HUNDREDS OF people are expected to say their final farewells today (March 1) to popular Birmingham ambassador and community leader Gus Williams, who died suddenly on February 4.
A visionary, a scholar and a champion of youth education, Williams founded the charity Acafess, which supported generations of young people from its Moseley Road base.
A surveyor, who worked with Birmingham City Council for 30 years, and a Liberal Party candidate, Williams regularly walked the streets of Handsworth as he attended Parliamentary committees, or while talking with his great friend Liberal Party Leader Lord David Steele.
Williams, who was 64, divided his time between his beloved hometown of Basseterre in St Kitts where he owned the station Radio One, and spending several months of the year with his family in Birmingham.
He was staying with his sister Lorna George at her home in Perry Barr when he fell ill with stomach pains and died of kidney failure at City Hospital 24 hours later. Six months earlier he had suffered a stroke in St Kitts but had made a good recovery.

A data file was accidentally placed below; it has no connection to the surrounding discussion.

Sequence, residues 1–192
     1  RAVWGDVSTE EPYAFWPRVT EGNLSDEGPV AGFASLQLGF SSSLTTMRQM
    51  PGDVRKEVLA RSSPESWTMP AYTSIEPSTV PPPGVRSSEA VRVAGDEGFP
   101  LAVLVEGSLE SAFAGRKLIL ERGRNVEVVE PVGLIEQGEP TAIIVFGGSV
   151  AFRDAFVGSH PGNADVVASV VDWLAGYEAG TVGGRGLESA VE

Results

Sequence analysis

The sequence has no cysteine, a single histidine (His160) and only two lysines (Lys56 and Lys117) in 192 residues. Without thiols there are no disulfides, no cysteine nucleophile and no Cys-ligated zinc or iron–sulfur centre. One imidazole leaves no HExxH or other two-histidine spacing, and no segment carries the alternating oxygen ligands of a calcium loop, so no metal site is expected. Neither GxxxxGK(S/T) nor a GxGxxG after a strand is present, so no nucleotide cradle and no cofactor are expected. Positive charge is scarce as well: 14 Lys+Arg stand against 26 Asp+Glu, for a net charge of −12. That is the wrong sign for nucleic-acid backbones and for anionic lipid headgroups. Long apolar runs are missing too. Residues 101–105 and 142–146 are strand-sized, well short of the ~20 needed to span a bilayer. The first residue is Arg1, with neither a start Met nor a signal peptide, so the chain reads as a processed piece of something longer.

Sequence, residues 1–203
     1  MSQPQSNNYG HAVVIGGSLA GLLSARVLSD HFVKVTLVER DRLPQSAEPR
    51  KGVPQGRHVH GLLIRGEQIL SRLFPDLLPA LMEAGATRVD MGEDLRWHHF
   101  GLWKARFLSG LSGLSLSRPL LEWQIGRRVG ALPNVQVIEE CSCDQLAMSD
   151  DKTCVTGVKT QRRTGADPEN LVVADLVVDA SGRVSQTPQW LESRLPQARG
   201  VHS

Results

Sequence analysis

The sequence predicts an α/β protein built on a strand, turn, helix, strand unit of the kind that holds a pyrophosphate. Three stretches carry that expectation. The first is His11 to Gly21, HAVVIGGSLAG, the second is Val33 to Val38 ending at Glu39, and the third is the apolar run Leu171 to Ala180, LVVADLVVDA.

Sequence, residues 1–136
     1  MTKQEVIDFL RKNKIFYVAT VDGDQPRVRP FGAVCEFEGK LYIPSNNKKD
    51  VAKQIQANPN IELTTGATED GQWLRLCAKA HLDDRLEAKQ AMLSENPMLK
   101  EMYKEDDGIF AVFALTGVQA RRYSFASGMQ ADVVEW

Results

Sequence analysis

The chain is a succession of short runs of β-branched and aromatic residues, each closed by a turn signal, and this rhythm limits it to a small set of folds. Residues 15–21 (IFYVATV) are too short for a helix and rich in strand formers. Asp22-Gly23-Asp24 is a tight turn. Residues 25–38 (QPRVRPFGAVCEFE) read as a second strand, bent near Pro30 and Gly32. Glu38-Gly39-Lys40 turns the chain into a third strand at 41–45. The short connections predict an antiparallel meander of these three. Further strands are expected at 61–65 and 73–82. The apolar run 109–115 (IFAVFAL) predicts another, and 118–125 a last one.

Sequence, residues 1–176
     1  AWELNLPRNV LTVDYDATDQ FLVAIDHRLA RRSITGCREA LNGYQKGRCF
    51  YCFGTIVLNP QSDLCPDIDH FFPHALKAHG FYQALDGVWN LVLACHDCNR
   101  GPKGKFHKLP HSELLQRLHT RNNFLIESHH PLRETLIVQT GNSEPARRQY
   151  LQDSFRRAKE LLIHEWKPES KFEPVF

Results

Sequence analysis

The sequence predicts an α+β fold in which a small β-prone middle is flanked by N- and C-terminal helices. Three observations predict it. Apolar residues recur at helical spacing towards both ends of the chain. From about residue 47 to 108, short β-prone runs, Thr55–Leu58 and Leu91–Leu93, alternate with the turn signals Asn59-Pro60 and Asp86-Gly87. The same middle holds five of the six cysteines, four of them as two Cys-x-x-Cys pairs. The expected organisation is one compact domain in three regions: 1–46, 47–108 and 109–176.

“Gus’s sudden death has been a terrible shock to us all because he still had so much to offer. It’s a waste of a great mind,” said his sister Lorna.
“He was an intellectual, but also a humble, charming man who had great charisma. He always had a smile on his face and was there for anyone in the community who needed his help,” she said.
Many tributes poured in for the popular father of four, who studied at the University of Birmingham and pioneered research into ‘hurricane-proof’ homes in the Caribbean.
Dr Denzil Douglas, the Prime Minister of St Kitts and Nevis, highlighted Williams’ many contributions to the development of the islands.
Former Lord Mayor of Birmingham, Councillor Sybil Spence, said: “Gus was a man of many talents – a real community leader who inspired others.”
Civil rights veteran Maxie Hayles, said: “Gus was a dynamic personality who was a great ambassador for black people in the city. He was very politically astute but supported the wrong party. I used to tell him that if he supported Labour he would have gone far.”
Fellow community activist Bini Brown recalled Williams’ entrepreneurial spirit from their schooldays together in Birmingham when he would go out at lunchtime to buy biscuits for a penny each then come back and sell them in the schoolyard for two pennies.
“He was always laughing and cracking jokes, but he had a great mind. He’ll be missed,” said Brown.
Desmond Jaddoo, of Birmingham Empowerment Forum, said: “Gus was instrumental in building bridges within the community following the 1985 riots in Birmingham.”